We sometimes confuse the various meanings of the word evil, so it perhaps needs a little definition. In this chapter, when speaking of evil, I am referring to evil as an entity or a force which opposes good, rather than a quality that can be used to describe character or an action. If we say that someone is evil, we are usually describing someone who we believe is living an immoral life or has no ethics. If we pronounce an action evil, we are saying the it was extremely harmful or caused excessive misfortune and suffering. However, evil can also indicate a supernatural entity and/or force that is diametrically opposed to the creating God, who is all goodness, and as God has angels, so would the opposing evil entity, named Lucifer or the Devil in Christianity and Shaitan in Islam, have an army of demons. (Just writing those names on paper brings forth some memory of my enigmatic feelings toward the Evil one).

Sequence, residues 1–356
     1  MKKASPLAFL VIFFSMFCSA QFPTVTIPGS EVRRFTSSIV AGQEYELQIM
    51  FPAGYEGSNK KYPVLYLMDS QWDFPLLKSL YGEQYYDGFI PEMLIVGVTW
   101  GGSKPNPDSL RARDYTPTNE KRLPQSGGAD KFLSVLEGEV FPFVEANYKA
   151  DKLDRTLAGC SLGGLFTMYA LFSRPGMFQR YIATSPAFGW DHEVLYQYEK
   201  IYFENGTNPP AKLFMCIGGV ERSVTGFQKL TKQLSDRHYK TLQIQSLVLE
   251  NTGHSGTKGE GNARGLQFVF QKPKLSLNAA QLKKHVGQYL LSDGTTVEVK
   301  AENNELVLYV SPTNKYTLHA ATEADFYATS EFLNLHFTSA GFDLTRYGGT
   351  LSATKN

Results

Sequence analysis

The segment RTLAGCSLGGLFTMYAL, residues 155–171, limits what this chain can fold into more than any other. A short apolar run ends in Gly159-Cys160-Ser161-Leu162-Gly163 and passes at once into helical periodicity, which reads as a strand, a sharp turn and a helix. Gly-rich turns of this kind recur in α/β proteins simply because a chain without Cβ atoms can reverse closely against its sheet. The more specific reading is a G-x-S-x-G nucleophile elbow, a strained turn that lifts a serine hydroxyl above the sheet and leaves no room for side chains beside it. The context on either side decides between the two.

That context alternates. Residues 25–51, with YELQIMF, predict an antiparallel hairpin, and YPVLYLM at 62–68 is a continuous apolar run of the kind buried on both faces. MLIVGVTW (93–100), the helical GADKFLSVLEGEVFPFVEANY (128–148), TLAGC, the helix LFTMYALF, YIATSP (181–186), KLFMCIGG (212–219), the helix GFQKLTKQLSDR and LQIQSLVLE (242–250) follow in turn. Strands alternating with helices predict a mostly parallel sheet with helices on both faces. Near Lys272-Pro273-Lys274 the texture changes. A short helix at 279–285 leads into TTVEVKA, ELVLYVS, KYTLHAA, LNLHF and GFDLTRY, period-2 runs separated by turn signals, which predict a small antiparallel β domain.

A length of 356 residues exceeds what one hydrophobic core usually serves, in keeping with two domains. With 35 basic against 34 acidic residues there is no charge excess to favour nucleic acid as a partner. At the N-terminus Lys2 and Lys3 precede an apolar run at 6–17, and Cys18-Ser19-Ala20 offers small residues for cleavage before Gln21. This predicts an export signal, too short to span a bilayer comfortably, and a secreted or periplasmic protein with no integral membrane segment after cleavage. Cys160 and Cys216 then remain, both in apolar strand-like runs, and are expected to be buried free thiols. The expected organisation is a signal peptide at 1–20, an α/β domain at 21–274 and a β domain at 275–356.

In radical oneness, how do we approach the question of evil? In science, consciousness is considered “the hard problem.” For spirituality, the hard problems would probably be evil and sin. If we accept radical oneness, can we also include evil? If so, how? Radical oneness presumes that there is one Divine Creator of everything – EVERYTHING. All exists within and is inextricably part of the One Creating Source. If we understand that God is Love, Well-being, Creation and all Good, can we also accept that that same God created evil? Would that God create something opposite to or opposing Source? I no longer believe that there is an existential source of evil that could be named Satan or the Devil. There it is. I’ve said it. I don’t believe in the Devil any more. I believe the idea of a source of evil is part of the illusion of dualism that was created by humankind as we developed our cognitive abilities. We humans have learned to divide the physical world into opposing pair: good/bad, hot/cold, high/low, me/you(not-me). It is perhaps part of our enjoyment of labeling and organizing things. The ability to do this is very useful and has been of great benefit in our developments in culture, science, philosophy and perhaps nearly every area that we think about. However, when we start to confuse our labels and distinctions, our thought tools, with reality, we get into trouble. We confuse our perceptions for reality.